From 32 to 64 bits
Three years ago, Apple trumpeted the fact that Leopard would support 64-bit processing. Back then, the announcement seemed more academic than exciting, since only high-end Macs had 64-bit processors. But these days, every Mac model is powered by a 64-bit CPU (from Intel’s Core 2 Duo and Xeon lines). That’s why 64-bit support in Snow Leopard is relevant to all of us: Apple has updated just about every program and subsystem that’s a part of Snow Leopard to run in 64-bit mode.
There are two reasons this is a good thing. The first is simple: You need a 64-bit OS if you want programs on your computer to have access to more than 4GB of RAM. Snow Leopard can address a staggering 16 exabytes of RAM. It’ll be a while before computers with that much hard-drive storage—let alone RAM—are in wide use. But moving to 64-bit computing does give future Macs plenty of breathing room.
While there are distinct 32- and 64-bit versions of programs and operating systems on the Windows side, on the Mac there’s just one version of everything. Snow Leopard will run on a 32-bit system (like, say, an Intel Core Duo iMac) just fine. But that’s only because each of Snow Leopard’s applications actually contains two versions of the program, nestled inside its application package—a 32-bit program file and a 64-bit version. (It’s the same system that Apple used to let developers embed PowerPC and Intel versions of their apps in single application packages.) When you double-click on the app, Snow Leopard senses whether you’re in 64-bit or 32-bit mode and launches the proper version. (If for some reason you’d prefer to run the 32-bit version on a 64-bit system, you can do that too: select the app in the finder, choose Get Info, and click the “Open in 32-bit mode” check box.)
Grand Central Dispatch
Once upon a time, chip makers made computer chips faster every year by increasing their clock speeds. But when the microprocessor industry ran into some fundamental physical limits to those speeds, it changed gears. That’s why our computers are powered by chips with multiple processor cores. Those multiple cores can process more data than single-core chips—but only if software is written to take advantage of them.
But rewriting software so it will chop up its tasks into little pieces that can then be divided among your computer’s multiple cores is no trivial task. As a result, lots of programs still don’t take full advantage of the power of multi-core processors.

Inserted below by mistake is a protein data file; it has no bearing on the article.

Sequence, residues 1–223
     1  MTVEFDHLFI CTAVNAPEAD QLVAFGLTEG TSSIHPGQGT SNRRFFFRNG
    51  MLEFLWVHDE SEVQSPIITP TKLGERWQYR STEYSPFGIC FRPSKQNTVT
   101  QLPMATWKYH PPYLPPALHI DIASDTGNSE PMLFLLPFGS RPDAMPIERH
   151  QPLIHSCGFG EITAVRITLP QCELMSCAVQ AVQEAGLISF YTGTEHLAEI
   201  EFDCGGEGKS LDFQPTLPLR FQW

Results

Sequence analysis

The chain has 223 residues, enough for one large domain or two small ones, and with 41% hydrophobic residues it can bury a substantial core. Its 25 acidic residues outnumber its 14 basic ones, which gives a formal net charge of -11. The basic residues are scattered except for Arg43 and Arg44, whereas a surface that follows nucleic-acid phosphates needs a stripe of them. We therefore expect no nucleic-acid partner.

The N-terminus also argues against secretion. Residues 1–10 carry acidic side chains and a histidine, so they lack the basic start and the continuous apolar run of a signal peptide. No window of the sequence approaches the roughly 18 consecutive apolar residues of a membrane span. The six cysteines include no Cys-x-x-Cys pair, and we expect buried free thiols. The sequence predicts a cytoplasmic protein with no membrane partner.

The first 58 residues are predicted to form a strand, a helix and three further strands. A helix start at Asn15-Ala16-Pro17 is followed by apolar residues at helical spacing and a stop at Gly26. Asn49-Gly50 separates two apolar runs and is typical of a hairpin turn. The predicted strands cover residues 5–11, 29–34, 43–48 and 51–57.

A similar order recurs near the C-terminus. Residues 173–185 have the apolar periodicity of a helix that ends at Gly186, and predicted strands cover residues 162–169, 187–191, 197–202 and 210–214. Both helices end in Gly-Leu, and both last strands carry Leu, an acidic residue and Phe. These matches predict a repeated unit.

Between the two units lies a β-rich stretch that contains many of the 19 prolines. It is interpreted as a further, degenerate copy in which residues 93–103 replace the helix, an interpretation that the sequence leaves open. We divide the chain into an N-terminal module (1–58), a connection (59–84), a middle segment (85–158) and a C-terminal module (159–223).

Snow Leopard’s new Grand Central Dispatch is a collection of tools for programmers that should make that job easier. The authors of your favorite programs will still have some work to do; unmodified applications generally won’t get much faster in Snow Leopard. But Apple says that Grand Central Dispatch makes that work much easier.
In simple terms, Snow Leopard lets programmers define different portions of their programs as individual blocks, and then feed those blocks to Grand Central Dispatch. Snow Leopard (via Grand Central Dispatch) keeps track of those different chunks of work; the individual apps don’t have to do it themselves. By creating a single systemwide framework for prioritizing and scheduling individual tasks, Apple hopes that more programmers will make more software multi-core savvy.
For regular Mac users, that doesn’t mean the current versions of your apps will suddenly become blazingly fast. But the next versions could be.
When you think of processing power inside your computer, you probably think of the processor itself—in recent Macs, that means an Intel-built chip with a name like Core 2 Duo or Xeon. But most Macs have another, separate chip with plenty of processing power: the Graphics Processing Unit (GPU), which accelerates graphics and video on your system.
Snow Leopard’s new OpenCL technology is designed to allow programmers to tap into the GPU’s extra processing power. Programmers who use OpenCL will be able to target the unique abilities of GPUs and give them work to do, even for programs that don’t have anything to do with graphics. (Macs without GPUs will simply do the work on their Intel CPUs instead.) Today’s generation of GPUs, in particular, are good at massive operations involving lots of data, such as (big surprise!) games and graphics. Future generations will likely be more adept at a wider range of computing tasks, making them even more viable as additional resources to be exploited by programmers.
(Update: As our friends in the Macworld Forums rightly point out, OpenCL will only work with certain graphics cards: NVIDIA GeForce 9400M, GeForce 9600M GT, GeForce 8600M GT, GeForce GT 120, GeForce GT 130, GeForce GTX 285, GeForce 8800 GT, GeForce 8800 GS, Quadro FX 4800, Quadro FX5600, ATI Radeon 4850, Radeon 4870.)
What’s in it for you?
The bottom line is, you may not know that these technologies are bubbling under the surface of Snow Leopard. But Apple has added them in order to give the people who write Mac software—including the Apple programmers building Snow Leopard itself—the ability to use every scrap of power available on a given Mac. When you launch a new Snow Leopard-savvy version of one of your favorite programs and notice that it’s faster or more efficient than the old one, chances are good that some of these under-the-hood changes in Snow Leopard are the reason why.
[Jason Snell is Macworld’s Editorial Director.]
[Updated 8/27 at 10 a.m. PT to fix an error (terabytes should have been exabytes) and add a list of graphics cards.]